Friday, July 21, 2017

Scholastic Spotlight: Jarod Jeglum




Oversocialization Found in the Fountainhead

Jeglum, Jarod
Grade: 12
School: Divide County High School, Crosby ND Educator: Richard Norton
AWARD: Honorable Mention


The word “oversocialization”, although not invented by Theodore John "Ted" Kaczynski, first gained major notoriety from his manifesto, Industrial Society and Its Future or what is simply known as the Unabomber Manifesto. It is used to describe people who believe, in Ted Kaczynski’s words within his manifesto:
     We are not supposed to hate anyone, yet almost everyone hates somebody at some time or other, 
     whether he admits it to himself or not. Some people are so highly socialized that the attempt to 
     think, feel and act morally imposes a severe burden on them. In order to avoid feelings of guilt, 
     they continually have to deceive themselves about their own motives and find moral explanations 
     for feelings and actions that in reality have a non-moral origin. We use the term “oversocialized” 
     to describe such people.

Although Theodore Kaczynski is a psychopath with a flawed view of reality, the man does have a wealthy amount of education on the subject of the human condition to prove that he does indeed know what he is talking about, and to deny him the ability to spread his radical and controversial views or ignore them entirely is a great atrocity for this nation’s guarantee of freedom of speech and the sociological community’s development as a whole.

In my own words I would describe “oversocialized” as follows: when one believes that they are at fault for someone else’s problems or situations and believes that to make up for it they have to work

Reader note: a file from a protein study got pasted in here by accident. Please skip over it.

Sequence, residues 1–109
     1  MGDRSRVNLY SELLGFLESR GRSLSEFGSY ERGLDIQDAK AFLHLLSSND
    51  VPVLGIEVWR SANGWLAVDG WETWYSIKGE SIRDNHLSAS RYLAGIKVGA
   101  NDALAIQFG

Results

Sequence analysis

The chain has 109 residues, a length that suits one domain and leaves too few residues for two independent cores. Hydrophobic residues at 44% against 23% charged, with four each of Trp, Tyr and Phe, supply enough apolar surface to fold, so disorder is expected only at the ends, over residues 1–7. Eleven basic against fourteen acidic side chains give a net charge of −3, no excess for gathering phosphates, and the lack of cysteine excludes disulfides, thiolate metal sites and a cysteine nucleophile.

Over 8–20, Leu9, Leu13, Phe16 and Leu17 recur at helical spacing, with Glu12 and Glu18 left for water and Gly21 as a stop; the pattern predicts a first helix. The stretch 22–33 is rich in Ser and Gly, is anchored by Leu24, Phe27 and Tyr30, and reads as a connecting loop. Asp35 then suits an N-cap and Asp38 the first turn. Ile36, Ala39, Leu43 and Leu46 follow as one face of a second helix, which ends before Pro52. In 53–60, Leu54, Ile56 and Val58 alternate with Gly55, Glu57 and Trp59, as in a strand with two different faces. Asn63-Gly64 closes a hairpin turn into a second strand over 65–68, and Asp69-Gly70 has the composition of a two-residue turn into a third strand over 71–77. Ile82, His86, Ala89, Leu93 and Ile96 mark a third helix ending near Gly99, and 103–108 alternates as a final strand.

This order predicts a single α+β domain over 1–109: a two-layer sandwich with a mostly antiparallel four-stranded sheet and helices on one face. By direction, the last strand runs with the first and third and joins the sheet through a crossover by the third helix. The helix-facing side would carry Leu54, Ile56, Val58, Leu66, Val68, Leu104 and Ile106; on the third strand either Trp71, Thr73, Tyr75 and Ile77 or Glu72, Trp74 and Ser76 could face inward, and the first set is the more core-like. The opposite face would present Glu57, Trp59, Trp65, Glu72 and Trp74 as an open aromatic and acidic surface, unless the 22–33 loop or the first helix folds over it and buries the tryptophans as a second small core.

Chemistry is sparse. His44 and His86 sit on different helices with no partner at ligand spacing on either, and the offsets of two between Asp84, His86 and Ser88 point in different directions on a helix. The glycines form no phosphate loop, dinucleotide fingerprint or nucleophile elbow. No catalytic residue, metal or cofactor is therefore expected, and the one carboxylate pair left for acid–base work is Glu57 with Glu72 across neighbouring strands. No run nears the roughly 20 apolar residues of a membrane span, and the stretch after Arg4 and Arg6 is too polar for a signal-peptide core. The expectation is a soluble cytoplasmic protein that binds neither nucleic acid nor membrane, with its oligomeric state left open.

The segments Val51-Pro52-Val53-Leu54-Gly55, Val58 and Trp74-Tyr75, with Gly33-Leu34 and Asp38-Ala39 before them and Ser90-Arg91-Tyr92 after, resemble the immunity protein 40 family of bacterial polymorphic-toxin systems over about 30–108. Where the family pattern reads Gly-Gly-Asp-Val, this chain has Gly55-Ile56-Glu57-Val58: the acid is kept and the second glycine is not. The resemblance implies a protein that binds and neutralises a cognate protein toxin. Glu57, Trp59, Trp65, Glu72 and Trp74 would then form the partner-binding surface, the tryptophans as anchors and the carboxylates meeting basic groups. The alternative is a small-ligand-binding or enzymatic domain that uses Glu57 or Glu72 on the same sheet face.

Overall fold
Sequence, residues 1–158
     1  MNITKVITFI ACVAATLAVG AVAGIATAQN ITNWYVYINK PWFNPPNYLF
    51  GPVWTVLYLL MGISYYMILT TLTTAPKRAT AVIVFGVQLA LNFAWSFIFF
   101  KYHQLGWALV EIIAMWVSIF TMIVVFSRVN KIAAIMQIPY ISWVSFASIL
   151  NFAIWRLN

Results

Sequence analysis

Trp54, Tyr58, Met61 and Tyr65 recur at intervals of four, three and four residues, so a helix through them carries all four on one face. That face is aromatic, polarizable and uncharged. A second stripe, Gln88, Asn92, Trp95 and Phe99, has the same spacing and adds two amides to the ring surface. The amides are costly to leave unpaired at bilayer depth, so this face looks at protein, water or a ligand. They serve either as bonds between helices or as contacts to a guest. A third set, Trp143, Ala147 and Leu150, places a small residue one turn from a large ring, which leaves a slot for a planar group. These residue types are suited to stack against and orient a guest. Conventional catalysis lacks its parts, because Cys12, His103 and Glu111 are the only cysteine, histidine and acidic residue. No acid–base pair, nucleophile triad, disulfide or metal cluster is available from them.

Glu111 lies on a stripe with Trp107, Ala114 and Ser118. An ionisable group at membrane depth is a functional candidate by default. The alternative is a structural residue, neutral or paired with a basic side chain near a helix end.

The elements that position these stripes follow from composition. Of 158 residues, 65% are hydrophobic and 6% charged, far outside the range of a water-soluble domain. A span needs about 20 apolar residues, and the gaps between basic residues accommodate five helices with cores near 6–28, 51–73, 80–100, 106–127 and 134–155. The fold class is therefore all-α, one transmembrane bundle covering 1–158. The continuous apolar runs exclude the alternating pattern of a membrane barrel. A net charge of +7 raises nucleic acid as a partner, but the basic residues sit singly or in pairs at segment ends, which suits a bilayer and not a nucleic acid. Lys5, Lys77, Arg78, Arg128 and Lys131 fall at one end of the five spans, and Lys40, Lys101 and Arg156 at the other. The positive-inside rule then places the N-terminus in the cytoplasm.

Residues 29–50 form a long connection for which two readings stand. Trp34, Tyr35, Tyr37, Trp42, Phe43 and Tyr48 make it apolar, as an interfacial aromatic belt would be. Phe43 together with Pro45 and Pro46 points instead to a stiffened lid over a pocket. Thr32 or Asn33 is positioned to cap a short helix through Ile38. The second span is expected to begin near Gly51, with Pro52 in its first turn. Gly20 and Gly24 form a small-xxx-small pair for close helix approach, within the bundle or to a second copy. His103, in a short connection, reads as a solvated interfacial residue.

to better the lives of someone else in a similar group and trick themselves into believing they do not hate anyone in a different ethnic, social, economic, or gender group. People believe they should not hurt other people’s feelings or dislike anyone because we have conditioned society to believe that there are only two groups of people in the world, oppressors and the oppressed.

Personally, I do not want to say that I am “oversocialized” as it has a negative connotation with society’s following in Satan’s footsteps falling from grace into the deepest pits of the Earth, but if I were to compare myself to this definition and much like Ellsworth Toohey, I am defiantly on the stronger end of the oversocialized spectrum, but not to the point where I believe in harnessing its power to destroy the individual and take control over the entire human race like Toohey.

Toohey sees collectivism as a tool to bring the masses to their knees and control the populous. Which, as he states, is used throughout history and the world to control entire groups of people. He states, “Look at Europe, you fool. Can’t you see past the guff andrecognize the essence? One country is dedicated to the proposition that man has no rights, that the collective is all. The individual held as evil, the mass – as God. No motive and no virtue permitted – except that of service to the proletariat.” (Rand 639) In this quote he is explaining how Russia is controlling its people through collectivism and the communist idea and Ayn Rand is indirectly trying to state that Russia is a corrupt evil nation using collectivism to brainwash a population, as it is widely known that she has great distaste for the Bolshevik’s October Revolution which employed Russia’s new government after 1917 which she fled. It is a very powerful statement that something as simple and “morally noble” like collectivism, helping one another to better society as a whole can be twisted and manipulated into something nefarious and detrimental to humanity’s well- being. It plays with my mind as being someone who supports collectivism, to an extent I must add at this point, that someone can use collectivism to ruin the lives of others for their own selfish gains. I never even realized how often this happens until I read Toohey’s speech; almost every dictatorship is built up this way, by convincing the populous that they must work together to succeed, for example, the Nazis, the fascist regimes of Italy and Spain, or the Communist governments of Eastern Europe and Southeast Asia.